We are currently somewhat less than halfway through the 100th anniversary of the Battle of Verdun, one of the longest and costliest battles in the history of warfare.
The battle began in February 1916, when the Imperial German Army launched an offensive with the objective of capturing the system of forts and fortifications centered around the Citadel of Verdun in northeastern France. The fighting went on for ten months, until December of the same year, with gains and losses measured in terms of yards. When the battle petered out near the end of the year, the front remained more or less where it had been. Verdun was still in French hands, so the French were said to be the victors. But it was a pyrrhic victory if ever there was one: between 750,000 and a million casualties, depending on whose estimates are used, roughly half of those killed or missing. More French soldiers were killed than Germans, but the difference was not enough to make Germany believe it had gained anything resembling a victory.
Verdun has come to symbolize the madness and futility of trench warfare on the Western Front during the Great War. Most battles along the Front were of a similar nature, perhaps with fewer casualties, but always expending an enormous quantity of blood and treasure to make a line on a map move imperceptibly in one direction or another, and then return to its original position.
Like all those other battles, the ten-month offensive at Verdun devastated the landscape. Heavy artillery completely destroyed all the forests and villages in the areas adjacent to the front. Exploding shells created crater after crater, superimposed upon one another until no square yard of the terrain was left untouched. The ground was churned up and rained on and churned up again, becoming a malodorous pockmarked mire, embedded with broken-off trees, dead horses, shattered equipment, and above all human body parts from the hundreds of thousands of men who were blown to pieces trying to cross the shell holes of No Man’s Land.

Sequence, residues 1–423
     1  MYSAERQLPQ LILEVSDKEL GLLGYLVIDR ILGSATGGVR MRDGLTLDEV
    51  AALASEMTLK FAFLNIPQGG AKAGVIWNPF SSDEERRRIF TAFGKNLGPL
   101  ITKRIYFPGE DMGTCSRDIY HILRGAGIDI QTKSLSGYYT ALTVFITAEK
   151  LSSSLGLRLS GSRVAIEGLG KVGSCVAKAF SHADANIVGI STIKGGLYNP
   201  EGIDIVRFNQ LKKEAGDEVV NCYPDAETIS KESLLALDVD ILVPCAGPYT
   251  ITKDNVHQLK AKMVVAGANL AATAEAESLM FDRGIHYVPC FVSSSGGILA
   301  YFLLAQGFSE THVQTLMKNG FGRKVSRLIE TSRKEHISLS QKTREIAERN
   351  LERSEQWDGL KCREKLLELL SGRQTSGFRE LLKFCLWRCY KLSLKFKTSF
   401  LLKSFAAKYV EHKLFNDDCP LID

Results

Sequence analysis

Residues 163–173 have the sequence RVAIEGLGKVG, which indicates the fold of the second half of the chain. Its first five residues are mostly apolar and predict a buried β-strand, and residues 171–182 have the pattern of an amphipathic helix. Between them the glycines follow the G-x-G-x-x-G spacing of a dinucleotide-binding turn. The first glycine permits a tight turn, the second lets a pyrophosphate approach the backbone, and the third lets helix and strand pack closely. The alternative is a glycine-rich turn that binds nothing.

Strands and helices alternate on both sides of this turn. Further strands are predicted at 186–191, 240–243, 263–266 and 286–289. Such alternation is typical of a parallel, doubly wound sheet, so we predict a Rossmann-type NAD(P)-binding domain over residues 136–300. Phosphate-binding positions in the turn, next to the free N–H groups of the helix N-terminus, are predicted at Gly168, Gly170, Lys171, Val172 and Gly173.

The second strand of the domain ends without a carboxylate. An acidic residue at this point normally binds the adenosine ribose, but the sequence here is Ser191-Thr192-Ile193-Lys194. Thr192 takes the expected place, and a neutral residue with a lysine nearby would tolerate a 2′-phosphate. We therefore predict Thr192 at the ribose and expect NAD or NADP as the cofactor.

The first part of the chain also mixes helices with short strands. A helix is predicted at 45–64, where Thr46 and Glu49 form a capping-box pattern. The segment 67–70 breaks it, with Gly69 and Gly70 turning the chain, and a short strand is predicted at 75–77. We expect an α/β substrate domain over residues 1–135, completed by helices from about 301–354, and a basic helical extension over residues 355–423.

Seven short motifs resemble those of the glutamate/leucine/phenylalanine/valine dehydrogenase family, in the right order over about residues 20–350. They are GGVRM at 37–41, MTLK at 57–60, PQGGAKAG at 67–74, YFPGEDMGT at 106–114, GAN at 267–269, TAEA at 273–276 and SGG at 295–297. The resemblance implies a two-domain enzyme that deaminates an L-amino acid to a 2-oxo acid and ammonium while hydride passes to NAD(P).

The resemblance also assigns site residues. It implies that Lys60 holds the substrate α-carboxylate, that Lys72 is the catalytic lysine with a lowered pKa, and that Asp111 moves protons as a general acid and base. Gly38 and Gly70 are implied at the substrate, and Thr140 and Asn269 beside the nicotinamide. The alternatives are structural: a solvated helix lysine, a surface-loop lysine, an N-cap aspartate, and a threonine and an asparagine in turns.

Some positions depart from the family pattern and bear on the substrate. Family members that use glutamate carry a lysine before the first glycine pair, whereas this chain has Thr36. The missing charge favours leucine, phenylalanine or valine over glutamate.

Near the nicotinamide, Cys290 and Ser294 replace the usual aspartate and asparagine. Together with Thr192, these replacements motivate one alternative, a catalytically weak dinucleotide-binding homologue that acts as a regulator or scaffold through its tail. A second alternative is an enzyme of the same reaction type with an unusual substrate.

The enduring legacy of the battle is the ruined terrain around Verdun. Forests have been planted over the battlefield and grown to maturity, but the area remains a maze of hillocks and holes that pond with water after every rainstorm. And the landscape is a vast open-air mausoleum, an ossuary of anonymous bone fragments still embedded in the soil a hundred years later.